In general, an authentic task is one which:
- is purposeful and engaging
- models how people solve real problems in work and/or communities
- puts knowledge to work
- potentially demonstrates what students know and can do
- supports multiple representations and solution strategies
- offers opportunities for meaningful learning and higher order cognitive thinking
- results in some product, presentation or outcome as a result of the deliberations of the group and/or individual
In other words, it can be said that an authentic task
- is real-world and involves making real-world decisions
- involves the creation of a product
- requires multiple skills and covers more than one subject
- has to be performed collaboratively
- promotes students' autonomy
- develops multiple competencies
- arises from a non-googleable question
When constructing authentic tasks, the acronym GRASPS may help:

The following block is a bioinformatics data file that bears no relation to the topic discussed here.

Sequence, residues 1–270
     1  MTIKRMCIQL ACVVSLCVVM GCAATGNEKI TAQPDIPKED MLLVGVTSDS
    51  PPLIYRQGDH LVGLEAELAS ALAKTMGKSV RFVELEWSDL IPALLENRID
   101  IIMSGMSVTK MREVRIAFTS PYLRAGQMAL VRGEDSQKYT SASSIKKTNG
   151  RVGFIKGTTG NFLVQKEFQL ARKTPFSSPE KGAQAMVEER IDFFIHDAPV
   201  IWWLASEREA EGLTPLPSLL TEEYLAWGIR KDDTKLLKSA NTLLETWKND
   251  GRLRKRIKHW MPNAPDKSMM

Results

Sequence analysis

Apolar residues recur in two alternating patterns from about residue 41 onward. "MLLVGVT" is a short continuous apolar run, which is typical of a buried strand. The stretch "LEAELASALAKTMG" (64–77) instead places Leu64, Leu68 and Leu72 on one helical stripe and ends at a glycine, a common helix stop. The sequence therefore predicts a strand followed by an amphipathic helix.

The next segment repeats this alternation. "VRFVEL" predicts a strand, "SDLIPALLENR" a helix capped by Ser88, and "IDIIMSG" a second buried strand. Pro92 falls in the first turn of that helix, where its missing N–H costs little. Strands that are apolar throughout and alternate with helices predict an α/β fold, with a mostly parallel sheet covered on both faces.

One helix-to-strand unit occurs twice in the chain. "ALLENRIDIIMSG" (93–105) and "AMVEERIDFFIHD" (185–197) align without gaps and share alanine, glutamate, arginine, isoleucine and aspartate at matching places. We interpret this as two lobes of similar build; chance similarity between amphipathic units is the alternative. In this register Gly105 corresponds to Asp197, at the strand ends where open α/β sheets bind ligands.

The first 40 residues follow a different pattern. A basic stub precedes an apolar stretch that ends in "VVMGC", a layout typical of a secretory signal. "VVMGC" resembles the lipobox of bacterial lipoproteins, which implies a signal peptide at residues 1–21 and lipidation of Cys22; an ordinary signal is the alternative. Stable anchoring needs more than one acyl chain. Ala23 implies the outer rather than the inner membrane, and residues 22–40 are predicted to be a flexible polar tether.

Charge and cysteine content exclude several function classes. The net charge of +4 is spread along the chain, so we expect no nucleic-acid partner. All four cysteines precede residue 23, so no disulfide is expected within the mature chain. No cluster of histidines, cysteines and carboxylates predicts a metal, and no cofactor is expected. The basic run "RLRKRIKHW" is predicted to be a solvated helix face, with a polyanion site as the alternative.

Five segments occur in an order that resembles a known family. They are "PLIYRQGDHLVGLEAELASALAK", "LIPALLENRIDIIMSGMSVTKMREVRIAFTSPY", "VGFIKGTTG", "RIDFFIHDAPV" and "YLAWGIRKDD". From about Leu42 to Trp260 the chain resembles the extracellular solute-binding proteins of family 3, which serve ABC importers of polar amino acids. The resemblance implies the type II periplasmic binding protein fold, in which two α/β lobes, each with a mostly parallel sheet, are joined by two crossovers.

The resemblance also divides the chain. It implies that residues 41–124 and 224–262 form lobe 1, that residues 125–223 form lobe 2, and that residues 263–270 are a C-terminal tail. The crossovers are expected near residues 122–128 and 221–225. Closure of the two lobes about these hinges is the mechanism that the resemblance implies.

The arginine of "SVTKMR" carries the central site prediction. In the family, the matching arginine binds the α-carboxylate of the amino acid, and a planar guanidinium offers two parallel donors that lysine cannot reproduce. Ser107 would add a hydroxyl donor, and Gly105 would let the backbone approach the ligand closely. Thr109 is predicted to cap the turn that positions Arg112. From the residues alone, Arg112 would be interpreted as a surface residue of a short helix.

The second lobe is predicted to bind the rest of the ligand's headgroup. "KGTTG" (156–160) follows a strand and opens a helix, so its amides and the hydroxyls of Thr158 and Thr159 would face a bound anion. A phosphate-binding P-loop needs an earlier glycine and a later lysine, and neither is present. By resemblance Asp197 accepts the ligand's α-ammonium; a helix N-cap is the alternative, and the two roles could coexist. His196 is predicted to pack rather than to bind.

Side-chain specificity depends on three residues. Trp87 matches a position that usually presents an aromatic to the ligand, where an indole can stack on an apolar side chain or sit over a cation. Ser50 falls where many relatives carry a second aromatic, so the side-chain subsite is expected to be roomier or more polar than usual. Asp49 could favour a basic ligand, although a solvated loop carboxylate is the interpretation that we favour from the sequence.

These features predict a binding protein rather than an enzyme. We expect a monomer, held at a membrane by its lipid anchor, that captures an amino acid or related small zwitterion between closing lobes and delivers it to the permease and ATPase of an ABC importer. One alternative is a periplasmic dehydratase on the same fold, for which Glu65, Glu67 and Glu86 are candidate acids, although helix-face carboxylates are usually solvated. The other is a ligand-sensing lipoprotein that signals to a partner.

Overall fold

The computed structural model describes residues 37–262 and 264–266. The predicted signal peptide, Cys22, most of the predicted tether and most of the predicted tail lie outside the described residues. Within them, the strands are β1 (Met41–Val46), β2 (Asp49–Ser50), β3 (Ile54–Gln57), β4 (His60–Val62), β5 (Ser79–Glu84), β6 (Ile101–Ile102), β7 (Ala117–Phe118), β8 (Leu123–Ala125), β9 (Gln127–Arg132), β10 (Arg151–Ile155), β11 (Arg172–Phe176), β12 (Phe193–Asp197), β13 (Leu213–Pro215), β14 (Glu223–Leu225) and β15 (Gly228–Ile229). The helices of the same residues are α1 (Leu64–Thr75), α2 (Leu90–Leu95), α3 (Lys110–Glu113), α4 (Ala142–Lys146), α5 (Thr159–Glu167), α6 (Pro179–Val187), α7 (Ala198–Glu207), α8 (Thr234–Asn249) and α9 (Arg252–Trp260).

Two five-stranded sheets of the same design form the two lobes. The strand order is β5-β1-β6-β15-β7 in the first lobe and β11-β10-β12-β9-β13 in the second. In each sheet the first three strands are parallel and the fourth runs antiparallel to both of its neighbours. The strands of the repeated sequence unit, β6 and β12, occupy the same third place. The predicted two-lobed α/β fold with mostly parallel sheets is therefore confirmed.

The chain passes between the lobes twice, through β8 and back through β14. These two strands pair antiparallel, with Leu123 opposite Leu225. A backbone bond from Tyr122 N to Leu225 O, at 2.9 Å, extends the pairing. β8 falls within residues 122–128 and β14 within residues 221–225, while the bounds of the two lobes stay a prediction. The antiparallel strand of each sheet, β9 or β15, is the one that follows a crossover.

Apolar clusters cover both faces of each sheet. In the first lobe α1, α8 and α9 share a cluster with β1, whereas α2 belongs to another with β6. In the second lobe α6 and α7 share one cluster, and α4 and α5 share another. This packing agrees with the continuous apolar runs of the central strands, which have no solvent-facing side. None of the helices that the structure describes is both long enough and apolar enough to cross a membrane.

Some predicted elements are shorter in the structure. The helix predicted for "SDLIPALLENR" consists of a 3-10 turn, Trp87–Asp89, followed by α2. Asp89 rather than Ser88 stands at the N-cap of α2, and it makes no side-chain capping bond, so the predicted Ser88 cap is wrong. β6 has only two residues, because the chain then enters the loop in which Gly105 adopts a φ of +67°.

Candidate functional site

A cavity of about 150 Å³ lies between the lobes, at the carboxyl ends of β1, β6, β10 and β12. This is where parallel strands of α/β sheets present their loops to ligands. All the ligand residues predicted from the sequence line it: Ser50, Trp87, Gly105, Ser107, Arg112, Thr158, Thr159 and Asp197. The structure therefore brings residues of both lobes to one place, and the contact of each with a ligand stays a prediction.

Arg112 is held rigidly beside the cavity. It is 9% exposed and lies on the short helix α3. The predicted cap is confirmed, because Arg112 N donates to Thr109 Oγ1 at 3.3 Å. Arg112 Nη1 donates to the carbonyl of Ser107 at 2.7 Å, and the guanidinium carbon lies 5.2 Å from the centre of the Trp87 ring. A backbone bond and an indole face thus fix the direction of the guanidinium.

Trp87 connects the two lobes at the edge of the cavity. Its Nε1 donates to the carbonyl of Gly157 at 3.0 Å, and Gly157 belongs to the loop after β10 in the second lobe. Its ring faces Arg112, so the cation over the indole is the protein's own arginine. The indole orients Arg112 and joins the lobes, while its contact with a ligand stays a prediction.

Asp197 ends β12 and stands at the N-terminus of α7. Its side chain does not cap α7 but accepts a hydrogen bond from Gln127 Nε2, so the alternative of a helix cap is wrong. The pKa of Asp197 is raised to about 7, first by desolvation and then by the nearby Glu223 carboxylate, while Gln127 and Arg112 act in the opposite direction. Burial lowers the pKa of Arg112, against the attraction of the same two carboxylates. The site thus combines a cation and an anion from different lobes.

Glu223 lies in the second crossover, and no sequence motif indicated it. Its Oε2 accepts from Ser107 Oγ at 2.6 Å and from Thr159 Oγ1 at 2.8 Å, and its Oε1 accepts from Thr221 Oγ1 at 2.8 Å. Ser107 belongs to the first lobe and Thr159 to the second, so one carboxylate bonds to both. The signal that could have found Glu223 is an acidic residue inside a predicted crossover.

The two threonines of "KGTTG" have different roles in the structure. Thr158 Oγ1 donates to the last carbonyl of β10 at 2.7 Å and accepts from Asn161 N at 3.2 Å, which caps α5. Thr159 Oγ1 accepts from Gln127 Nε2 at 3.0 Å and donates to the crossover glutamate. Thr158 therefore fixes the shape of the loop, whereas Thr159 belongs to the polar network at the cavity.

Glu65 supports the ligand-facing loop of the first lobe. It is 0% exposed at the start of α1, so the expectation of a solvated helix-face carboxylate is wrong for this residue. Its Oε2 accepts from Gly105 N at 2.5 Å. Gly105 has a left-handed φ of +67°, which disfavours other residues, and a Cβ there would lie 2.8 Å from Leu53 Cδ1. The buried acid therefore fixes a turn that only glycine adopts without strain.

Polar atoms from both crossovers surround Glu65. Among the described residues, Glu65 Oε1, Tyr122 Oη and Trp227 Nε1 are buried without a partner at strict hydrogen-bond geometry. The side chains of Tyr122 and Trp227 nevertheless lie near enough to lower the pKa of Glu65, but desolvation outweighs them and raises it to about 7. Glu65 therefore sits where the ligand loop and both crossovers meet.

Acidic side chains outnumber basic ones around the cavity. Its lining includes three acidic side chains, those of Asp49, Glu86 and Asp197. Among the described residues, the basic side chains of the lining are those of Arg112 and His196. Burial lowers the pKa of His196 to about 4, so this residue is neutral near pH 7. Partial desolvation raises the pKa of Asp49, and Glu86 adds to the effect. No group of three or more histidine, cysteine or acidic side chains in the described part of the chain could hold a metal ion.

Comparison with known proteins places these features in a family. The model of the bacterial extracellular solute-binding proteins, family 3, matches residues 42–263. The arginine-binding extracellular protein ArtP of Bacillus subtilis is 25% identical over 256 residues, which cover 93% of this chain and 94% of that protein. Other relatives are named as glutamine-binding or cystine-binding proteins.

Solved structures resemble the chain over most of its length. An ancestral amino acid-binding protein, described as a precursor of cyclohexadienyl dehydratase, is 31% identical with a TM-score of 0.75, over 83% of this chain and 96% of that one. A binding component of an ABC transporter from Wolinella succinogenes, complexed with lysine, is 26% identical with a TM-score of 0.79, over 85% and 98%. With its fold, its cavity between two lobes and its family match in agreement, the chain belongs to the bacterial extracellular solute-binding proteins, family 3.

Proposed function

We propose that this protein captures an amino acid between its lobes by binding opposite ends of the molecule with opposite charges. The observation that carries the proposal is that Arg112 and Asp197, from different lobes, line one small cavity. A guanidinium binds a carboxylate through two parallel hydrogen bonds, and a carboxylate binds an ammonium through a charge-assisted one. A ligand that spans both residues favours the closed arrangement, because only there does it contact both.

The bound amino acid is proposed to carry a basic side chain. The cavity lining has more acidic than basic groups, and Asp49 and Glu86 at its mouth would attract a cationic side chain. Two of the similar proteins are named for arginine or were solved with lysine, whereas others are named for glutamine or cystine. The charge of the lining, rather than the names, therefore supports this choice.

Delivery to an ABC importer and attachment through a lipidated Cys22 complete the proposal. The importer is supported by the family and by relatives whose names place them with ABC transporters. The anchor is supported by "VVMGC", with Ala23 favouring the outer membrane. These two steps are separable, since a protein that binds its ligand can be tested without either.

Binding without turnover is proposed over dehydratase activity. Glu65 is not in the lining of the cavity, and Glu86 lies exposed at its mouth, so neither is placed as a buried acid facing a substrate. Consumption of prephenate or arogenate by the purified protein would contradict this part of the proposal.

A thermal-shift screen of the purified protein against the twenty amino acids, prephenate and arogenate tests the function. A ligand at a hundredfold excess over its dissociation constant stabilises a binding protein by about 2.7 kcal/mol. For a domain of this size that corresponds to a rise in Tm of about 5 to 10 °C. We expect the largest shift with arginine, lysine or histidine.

G Real-world Goal
R Real-world Role
A Real-world Audience
S Real-world Situation
P Real-world Products or Performances
THE TRAVEL AGENCY is an activity I did with my third year students, which worked well and is an example of authentic task.
Devising the task, using the GRASPS elements
Creating the webquest
Dividing the students into groups, giving instructions, setting a time limit ( 2 hours )
"Setting up" the travel agencies and performing the oral tasks ( a big thank you to Benedicta Pretorino, a real-world nice girl, who spent some days in our school, observing my flipped students while preparing her degree thesis )
Giving them positive feedback, for both effort and achievement.
Some students took their job so seriously they even produced an elegant brochure in order to convince Miss Pretorino ( and that was extra-non required work ).
This task involved students in a productive use of technology, integrated more subjects
( english, ICT, geography ), gave students choices, promoted meaningful learning and assessed students' ability to operate in an authentic context.